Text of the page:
49. Making Nathan’s Famous

Nathan’s Famous turned the hot dog into a symbol of July 4th. But the story of how that happened says a lot more about America than just its love of a good BBQ. It’s immigrants striving for the American dream, hucksters spinning tall tales, underdogs fighting against the odds. The good, the bad, and the ugly of the US stuffed through a meat grinder, bigger and better than Nathan’s ever dreamed.

Reported and produced by Julia Press, with Charlie Herman and Sarah Wyman.

Transcript

NOTE: This transcript may contain errors.

CH: It’s July, 4, 2019. The sun is beating down on the corner of Surf and Stillwell Avenues. We’re in Coney Island, New York: that legendary playground with its beach and boardwalk and, my favorite, the Cyclone, this huge wooden roller coaster. Thousands of people are packed together, eyes locked on a bright blue stage.

2019 Contest ESPN: From five, four, three, two one. Begin! [horn] We are off with the 103rd iteration of the Nathan’s Famous hot dog eating contest, Joey Chestnut the man to beat

CH: If you follow the world of competitive eating — or at least the annual hot dog eating contest – you probably know the name “Joey Chestnut” —

2019 Contest ESPN: Unbelievable athlete.

CH: The man’s a legend. He’s dominated the scene for more than ten years. Just take it from the reporters at ESPN.

2019 Contest ESPN: Chestnut has changed the game because of his dedication physically.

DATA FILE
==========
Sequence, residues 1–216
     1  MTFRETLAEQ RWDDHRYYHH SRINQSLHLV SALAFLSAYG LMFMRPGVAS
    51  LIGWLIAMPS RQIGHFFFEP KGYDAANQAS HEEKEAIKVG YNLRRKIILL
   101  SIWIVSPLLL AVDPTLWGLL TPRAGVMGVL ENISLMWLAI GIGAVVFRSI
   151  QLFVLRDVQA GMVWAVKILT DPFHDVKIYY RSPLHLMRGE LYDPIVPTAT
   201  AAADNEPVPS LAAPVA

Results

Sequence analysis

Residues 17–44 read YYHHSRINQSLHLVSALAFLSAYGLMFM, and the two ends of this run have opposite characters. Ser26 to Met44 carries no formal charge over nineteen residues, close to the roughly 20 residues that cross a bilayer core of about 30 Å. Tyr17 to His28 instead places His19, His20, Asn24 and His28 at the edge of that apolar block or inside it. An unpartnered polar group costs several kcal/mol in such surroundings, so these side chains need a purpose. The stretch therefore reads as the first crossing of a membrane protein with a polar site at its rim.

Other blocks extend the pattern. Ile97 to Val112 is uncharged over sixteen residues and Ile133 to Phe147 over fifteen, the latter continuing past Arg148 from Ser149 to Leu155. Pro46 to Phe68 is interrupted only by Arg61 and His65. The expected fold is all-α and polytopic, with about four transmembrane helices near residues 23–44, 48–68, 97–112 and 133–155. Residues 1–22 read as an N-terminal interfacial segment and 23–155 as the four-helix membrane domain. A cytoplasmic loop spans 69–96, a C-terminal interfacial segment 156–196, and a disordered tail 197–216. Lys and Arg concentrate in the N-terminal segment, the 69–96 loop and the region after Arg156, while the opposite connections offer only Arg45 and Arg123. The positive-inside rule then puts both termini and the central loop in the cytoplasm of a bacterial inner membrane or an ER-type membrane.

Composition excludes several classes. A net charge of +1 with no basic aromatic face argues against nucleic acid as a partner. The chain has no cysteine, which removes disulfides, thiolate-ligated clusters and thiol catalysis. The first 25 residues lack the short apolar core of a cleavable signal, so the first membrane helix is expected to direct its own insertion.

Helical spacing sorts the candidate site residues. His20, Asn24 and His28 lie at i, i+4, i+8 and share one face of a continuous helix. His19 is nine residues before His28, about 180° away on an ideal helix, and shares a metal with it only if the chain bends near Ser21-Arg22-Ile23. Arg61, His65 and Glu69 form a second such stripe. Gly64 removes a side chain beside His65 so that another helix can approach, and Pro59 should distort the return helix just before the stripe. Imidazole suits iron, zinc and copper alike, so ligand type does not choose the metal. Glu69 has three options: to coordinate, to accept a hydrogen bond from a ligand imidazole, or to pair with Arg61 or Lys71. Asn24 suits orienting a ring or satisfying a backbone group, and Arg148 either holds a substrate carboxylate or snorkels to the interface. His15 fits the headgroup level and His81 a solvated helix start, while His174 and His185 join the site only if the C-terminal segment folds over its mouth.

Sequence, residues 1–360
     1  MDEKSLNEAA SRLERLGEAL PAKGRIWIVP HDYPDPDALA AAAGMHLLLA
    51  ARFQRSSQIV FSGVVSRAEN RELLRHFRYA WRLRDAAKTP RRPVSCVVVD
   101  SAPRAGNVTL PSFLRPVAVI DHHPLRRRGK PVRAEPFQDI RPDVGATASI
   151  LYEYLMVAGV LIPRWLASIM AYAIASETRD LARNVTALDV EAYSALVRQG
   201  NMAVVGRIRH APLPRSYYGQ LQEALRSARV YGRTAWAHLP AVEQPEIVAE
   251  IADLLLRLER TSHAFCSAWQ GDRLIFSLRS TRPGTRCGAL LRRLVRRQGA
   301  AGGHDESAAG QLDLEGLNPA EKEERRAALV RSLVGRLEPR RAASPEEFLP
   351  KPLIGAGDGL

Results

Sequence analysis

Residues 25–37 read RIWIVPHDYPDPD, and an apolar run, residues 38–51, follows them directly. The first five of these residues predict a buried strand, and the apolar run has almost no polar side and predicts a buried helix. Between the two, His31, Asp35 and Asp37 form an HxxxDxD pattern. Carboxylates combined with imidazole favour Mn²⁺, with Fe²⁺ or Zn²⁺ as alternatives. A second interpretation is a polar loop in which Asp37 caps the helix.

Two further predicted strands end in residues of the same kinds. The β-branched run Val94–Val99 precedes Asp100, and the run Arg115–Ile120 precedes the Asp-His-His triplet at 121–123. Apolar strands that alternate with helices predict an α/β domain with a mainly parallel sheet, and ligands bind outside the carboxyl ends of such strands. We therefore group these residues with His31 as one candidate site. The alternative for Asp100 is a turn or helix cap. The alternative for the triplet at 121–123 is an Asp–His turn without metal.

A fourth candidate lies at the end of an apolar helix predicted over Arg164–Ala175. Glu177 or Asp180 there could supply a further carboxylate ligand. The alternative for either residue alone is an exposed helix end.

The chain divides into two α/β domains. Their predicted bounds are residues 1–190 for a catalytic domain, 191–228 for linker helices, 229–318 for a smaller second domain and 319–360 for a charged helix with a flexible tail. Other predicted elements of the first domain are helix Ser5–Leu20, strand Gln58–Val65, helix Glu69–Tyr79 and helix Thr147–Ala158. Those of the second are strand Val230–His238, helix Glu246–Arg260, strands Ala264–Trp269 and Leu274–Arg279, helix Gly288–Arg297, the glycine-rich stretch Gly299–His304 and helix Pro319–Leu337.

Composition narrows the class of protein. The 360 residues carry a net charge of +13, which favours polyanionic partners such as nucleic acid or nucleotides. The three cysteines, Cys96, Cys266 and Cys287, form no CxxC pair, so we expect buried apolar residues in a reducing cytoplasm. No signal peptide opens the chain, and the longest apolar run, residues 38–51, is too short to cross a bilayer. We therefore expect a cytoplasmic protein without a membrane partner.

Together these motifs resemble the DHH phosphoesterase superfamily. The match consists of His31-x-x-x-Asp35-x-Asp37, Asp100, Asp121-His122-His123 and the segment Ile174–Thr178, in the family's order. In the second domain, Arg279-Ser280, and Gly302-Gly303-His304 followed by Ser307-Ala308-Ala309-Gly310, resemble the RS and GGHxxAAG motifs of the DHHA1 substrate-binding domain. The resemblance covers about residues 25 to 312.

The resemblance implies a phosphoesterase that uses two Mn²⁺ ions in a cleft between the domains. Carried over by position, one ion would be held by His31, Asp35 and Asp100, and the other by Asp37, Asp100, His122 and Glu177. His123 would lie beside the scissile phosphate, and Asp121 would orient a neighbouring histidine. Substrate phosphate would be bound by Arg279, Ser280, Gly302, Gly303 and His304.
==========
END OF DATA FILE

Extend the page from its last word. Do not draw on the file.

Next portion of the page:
2019 Contest ESPN: Yesterday we spoke to Joey Chestnut, he told us he’s taken up yoga this year in an effort to help himself breathe better in uncomfortable positions so something to keep an eye on with him, he said his flow is much more smooth.

CH: This is what Chestnut does for a living. He trains for this. He’s made hundreds of thousands of dollars stuffing his face with food: chicken wings, shrimp cocktail, glazed donuts. And this year, it looks like it’s paying off.

2019 Contest ESPN: Joey Chestnut with 70 seconds left and 65 hot dogs and buns.
No one’s touching Joey right now, he’s the goat, he’s so goat that people are starting to call other greats the Joey, like Michael Jordan is the Joey of basketball, Brady is the Joey of football…

CH: After 10 minutes of intense, gut-busting competition, it’s no surprise who wins.

2019 Contest ESPN: It’s a dirty dozen for Chestnut! Number 12 at Nathan’s!

CH: For the 12th time, Chestnut will take home the grand prize from Nathan’s Famous Hot Dog Eating Contest, the Mustard Belt. And on the 4th of July, what could be more all-American than the hot dog?

From Business Insider, this is Brought to you by… Brands you know, stories you don’t. I’m Charlie Herman.

As people fire up their grills for a classic summer barbecue, we take a look inside that most mysterious of meats: the hot dog.

What’s inside it is the stuff of legend, but when it comes to one in particular, the one sold at Nathan’s Famous, it’s got a lot to do with America.

Underdogs and hucksters, international rivalries, and good ole fashioned American dreams. The good, the bad and the ugly of this country—stuffed through a meat grinder, organs and all.

Today, producer Julia Press checks out the hot dog stand and the country that shaped it.

Stay with us.

ACT I

CH: Each fourth of July, as fireworks light up the night sky and red, white and blue flags fly overhead, Americans scarf down hot dogs. 150 million of them, to be exact. At least, that’s if you take the National Hot Dog and Sausage Council at its word. But like most American traditions, in fact, like America itself, the hot dog is what it is because of immigrants — and it really made its name thanks to one man in particular. Here’s producer Julia Press.

JP: Nathan’s Famous hot dogs was started by one guy: Nathan Handwerker. He’s not alive anymore, so I spoke to his grandson.

LLOYD HANDWERKER: My grandfather had no schooling whatsoever. He didn’t spend one day in his life in a school

JP: Lloyd Handwerker has made a documentary and written a book about Nathan’s Famous, and the story of the guy who started it.